Saturday 11 March 2023

Three Poems by Lynda Tavakoli





DEAD DOG

For my father


In a unit for the mentally infirm

I offer you my love in the form of a dog

so lifelike you expect its tail to wag

or its soft muzzle to crinkle into smiles.

It’s a collie – a she, a Daisy-dog to give comfort

when your night-walls are soughed by the demented

and God has forgotten the numbered password at your door.

 

I have seen the woman with her baby many times,

its doll head bobbing on her ribs,

the lullaby that sings upon her tongue

a comfort only to the bogus child

immured within those skinned and skinny limbs.

She walks the ward oblivious to all but

what contentment comes before

the longer shreds of darkness that will

swallow up her memory whole.

 

So I tender you my good intent –

this spurious gift I think will link an alien present

with the familiar past but even then,

with all that has been lost to you,

you recognise its falsity. 

‘That’s a dead dog,’ you say,

the words raged from that part of you

still holding on and holding on.

 

 

GONE

For my mother


Even now your warmth tortures me

though you decided for yourself

to leave without us being there.

 

And me, wishing you back,

able only to stare

at the hollow of your throat

to a pulse extinguished

suddenly to stillness.

 

For in the end we are simply left

with sadnesses,

their shadows shocking

as they cross the sun,

while in between remains

the light that says life carries on,

 

only because it does.

 

 

IS THIS WHAT I DO?

For my aunt


On a corridor of fresh-painted magnolia

sunbeams stroke from Velux windows

onto freckled carpets, while a television

talks too loudly to itself in someone’s room.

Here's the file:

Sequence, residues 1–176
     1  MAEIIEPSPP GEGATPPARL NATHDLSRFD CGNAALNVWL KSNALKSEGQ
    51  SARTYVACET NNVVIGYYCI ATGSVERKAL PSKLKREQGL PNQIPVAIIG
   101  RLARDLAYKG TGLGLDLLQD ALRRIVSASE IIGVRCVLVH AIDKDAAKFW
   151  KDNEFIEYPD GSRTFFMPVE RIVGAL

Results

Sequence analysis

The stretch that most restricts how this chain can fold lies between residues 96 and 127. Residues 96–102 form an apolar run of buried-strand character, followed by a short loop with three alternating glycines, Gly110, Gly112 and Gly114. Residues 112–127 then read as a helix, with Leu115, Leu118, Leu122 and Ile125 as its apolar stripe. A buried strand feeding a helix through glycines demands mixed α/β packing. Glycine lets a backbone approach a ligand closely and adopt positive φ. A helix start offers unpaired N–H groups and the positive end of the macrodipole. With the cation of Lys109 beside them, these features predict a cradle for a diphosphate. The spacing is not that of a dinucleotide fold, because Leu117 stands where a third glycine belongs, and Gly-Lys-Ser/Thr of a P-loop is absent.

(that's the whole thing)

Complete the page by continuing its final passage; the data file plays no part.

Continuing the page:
I find you sleeping, head sagged

as on a mis-hung coat hanger, hair,

just brushed, still full of war-time curls,

a legacy that did not pass itself to me.

 

I say your name, see the reluctant

wakening of your eyes, the disappointment

you had not slept your way to heaven.

You have told me this before.

 

Today we talk of blue dresses and funerals

and how you love my coat, and how

you love my coat, the colour redolent

of something already scudding out of view. 

 

You ask me now if this is what you do,

just sit and wait, and wait and sit,

the resignation in your voice

the hardest thing for me to bear.

 

For in this room, that thief of time

has measured out its false remembrance in

the ticking of a clock, as the past becomes the present

and the present loiters somewhere in the past.





Lynda Tavakoli lives in County Down, Northern Ireland, where she facilitates an adult creative writing class and is a tutor for the Seamus Heaney Award for schools.

A poet, novelist and freelance journalist, Lynda’s writings have been published in the UK, Ireland, the US and the Middle East, with Farsi and Spanish translations. She has been winner of both poetry and short story prizes in Listowel, The Westival International Poetry Prize and runner- up in The Blackwater International Poetry Competition and Roscommon Poetry Competition.

Her poems have also appeared in The Irish Times, New Irish Writing. Lynda’s debut poetry collection, ‘The Boiling Point for Jam’ is published by Arlen House and includes these three poems about the different aspects of war.

  

1 comment:

  1. Congratulations. Three remarkable and very meaningful Poems. Thank you
    Lynda

    ReplyDelete

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